What to Know
- Stormy Daniels' attorney said Trump's personal lawyer received $500,000 from a company controlled by a Russian oligarch used to pay her off
- Whether to get screened for prostate cancer is a question men should decide themselves with their doctors, according to finalized guidance
- A judge said Jay-Z must answer questions in a financial probe of a company he sold his apparel business to over a decade ago
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Cohen Got $500K From Russian Oligarch, Stormy Daniels' Lawyer Says
Stormy Daniels' attorney claimed President Trump's personal lawyer Michael Cohen received $500,000 from a company controlled by a Russian oligarch, deposited into an account for a company also used to pay off the adult film actress, NBC News reported. Daniels' attorney, Michael Avenatti, also detailed other transactions he said were suspicious, including deposits from drug giant Novartis, the state-run Korea Aerospace Industries, and AT&T — which confirmed it paid Cohen's company for "insights" into the Trump administration. If true, Avenatti's claims, made in a dossier posted to Twitter, could add a new dimension to the federal investigation into Cohen. NBC News has reviewed financial documents that appear to support Avenatti’s account of the transactions.
Trump Taking Opposite Approaches to Iran, N. Korea: Analysis
Just as Donald Trump reached one hand out to North Korea, he yanked the other back from Iran. The president's dramatic withdrawal from the Iran nuclear deal was the most vivid illustration to date of how his impulses and capricious instincts tend to pull him in paradoxical directions. Presidents before have pursued conflicting approaches to tough issues, but rarely so overtly, and rarely in the course of a single speech. He called Iran's government a "regime of great terror" as he revealed that the U.S. would abandon the deal that it pushed for only three years ago. Then he announced that he'd sent Secretary of State Mike Pompeo to Pyongyang to lay the groundwork for Trump's historic summit with the dictatorial Kim Jong Un,recently described by Trump as "very honorable." "Plans are being made, relationships are building, hopefully a deal will happen," Trump said of his delicate rapprochement with North Korea. Speaking in the Diplomatic Room of the White House, he waxed optimistic that the U.S. could team up with allies and world powers so that "a future of great prosperity and security can be achieved for everyone."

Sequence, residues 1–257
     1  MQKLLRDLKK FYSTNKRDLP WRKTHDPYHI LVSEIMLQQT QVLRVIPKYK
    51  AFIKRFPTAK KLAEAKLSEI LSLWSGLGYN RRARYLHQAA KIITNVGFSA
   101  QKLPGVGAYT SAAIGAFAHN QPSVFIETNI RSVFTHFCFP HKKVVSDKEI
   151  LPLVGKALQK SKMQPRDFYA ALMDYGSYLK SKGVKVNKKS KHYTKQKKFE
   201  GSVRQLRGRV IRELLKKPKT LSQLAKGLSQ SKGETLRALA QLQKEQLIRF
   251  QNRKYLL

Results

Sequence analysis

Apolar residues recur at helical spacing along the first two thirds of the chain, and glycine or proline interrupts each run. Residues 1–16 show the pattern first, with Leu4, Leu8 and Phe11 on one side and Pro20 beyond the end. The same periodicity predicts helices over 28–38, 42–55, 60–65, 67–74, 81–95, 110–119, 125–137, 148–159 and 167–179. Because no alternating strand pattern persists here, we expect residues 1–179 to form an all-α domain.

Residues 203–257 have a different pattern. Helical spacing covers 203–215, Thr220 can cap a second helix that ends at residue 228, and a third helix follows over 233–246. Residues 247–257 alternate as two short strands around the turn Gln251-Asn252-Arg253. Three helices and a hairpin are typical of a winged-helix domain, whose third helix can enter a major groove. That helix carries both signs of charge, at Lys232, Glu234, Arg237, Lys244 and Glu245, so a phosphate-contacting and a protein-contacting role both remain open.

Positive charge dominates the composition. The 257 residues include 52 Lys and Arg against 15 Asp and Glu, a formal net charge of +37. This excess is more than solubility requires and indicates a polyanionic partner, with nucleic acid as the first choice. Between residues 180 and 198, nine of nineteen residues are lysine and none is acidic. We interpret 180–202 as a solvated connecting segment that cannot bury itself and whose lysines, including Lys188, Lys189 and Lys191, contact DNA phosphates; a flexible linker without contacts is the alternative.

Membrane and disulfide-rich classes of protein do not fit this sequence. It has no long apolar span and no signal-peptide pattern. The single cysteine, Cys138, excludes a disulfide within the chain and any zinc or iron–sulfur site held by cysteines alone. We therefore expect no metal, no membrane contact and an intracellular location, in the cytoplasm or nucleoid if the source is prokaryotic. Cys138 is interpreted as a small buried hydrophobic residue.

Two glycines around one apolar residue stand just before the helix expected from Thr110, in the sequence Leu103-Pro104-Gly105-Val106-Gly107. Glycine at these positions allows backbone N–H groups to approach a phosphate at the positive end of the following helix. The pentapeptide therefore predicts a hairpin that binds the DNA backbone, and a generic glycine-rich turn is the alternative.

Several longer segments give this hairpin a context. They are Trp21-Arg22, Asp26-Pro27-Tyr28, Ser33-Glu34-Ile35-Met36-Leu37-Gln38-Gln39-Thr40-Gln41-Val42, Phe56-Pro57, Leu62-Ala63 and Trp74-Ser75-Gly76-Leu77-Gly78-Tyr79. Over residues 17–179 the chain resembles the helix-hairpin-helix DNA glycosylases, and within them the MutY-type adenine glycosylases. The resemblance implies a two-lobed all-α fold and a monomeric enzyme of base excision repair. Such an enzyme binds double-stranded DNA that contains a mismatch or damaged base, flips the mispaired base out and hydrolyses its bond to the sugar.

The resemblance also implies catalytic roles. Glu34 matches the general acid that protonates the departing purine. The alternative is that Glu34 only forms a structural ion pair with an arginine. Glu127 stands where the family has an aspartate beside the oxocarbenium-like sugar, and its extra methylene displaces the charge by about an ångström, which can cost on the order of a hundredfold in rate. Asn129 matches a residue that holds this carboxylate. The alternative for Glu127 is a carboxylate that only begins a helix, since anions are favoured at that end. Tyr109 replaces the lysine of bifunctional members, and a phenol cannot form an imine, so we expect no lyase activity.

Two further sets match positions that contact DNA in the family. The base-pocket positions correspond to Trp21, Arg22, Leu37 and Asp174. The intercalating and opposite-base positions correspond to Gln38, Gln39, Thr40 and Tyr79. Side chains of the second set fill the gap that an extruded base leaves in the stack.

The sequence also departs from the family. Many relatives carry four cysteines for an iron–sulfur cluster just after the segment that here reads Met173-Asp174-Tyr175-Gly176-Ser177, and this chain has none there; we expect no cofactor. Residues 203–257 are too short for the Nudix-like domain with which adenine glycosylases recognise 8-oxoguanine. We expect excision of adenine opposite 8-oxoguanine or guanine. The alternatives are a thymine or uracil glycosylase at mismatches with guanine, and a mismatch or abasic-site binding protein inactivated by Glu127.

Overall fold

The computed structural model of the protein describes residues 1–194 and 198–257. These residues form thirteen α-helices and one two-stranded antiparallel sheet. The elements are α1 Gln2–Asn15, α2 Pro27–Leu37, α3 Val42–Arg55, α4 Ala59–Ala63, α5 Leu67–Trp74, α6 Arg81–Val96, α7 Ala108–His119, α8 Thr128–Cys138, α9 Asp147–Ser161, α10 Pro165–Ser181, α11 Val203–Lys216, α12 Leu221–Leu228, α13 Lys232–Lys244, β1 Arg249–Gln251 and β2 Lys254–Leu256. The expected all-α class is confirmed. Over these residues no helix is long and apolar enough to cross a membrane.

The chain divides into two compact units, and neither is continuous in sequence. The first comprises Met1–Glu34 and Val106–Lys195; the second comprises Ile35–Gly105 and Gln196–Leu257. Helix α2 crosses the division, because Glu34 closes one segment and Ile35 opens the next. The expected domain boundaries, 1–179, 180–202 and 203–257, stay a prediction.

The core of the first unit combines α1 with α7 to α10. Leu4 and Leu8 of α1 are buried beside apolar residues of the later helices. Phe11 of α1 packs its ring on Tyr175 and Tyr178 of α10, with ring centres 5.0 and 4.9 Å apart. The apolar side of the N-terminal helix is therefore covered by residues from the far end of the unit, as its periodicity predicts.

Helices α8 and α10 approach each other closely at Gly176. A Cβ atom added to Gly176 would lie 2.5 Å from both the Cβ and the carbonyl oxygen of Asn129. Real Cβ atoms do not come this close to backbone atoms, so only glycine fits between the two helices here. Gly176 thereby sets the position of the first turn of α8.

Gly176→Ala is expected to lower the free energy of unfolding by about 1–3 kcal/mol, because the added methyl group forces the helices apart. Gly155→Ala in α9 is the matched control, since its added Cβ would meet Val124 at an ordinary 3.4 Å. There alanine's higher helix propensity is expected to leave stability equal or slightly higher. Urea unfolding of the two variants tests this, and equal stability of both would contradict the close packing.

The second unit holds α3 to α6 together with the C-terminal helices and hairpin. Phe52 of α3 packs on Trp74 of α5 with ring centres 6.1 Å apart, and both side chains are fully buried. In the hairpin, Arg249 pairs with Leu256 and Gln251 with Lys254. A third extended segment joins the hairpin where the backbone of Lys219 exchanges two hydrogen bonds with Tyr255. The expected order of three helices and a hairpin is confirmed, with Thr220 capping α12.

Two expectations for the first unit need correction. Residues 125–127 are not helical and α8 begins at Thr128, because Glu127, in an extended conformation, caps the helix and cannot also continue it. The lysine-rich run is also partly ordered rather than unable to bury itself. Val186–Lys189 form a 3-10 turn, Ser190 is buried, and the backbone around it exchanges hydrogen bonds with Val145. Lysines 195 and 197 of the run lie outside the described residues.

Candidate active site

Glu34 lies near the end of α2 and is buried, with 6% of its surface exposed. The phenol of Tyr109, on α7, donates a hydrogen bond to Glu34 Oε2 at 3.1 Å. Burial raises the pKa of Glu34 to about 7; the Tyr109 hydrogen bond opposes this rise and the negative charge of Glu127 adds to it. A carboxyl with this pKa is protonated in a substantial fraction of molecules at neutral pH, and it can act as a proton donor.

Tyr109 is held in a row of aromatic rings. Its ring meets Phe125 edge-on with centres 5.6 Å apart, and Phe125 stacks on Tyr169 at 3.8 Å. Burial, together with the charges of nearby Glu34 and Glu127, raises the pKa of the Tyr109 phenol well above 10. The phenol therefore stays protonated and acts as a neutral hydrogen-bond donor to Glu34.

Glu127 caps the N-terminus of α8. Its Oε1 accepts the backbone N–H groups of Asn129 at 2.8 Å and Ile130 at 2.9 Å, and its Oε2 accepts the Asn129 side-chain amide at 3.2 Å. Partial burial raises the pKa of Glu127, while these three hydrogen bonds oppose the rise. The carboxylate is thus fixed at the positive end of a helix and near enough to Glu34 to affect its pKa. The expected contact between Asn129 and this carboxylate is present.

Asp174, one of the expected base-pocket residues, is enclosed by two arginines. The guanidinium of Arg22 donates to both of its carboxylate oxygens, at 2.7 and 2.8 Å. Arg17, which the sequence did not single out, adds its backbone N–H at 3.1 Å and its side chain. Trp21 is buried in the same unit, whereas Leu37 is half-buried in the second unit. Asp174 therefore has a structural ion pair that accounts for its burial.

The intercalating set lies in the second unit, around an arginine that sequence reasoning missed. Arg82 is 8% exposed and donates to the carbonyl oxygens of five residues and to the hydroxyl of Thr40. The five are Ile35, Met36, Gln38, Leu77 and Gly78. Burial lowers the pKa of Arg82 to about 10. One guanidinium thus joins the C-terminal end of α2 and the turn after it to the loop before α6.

U.S. Panel Leaves Prostate Screening Up to Men, Their Doctors
Whether to get screened for prostate cancer is a question that men aged 55 to 69 should decide themselves in consultation with their doctors, according to finalized guidance issued by an influential panel of health care experts. New evidence suggests that PSA blood tests can slightly reduce the chances of dying from the disease for some men, so those decisions may be a little easier. Though screening can sometimes lead to drastic, needless treatment, the panel says that can sometimes be avoided with close monitoring when cancer is detected. The government-appointed U.S. Preventive Services Task Force had earlier opposed routine screening. The new guidance says it's important to weigh the potential benefits and harms of screening. The test looks for elevated levels of a protein in the blood that may signal cancer but can also be caused by less serious prostate problems.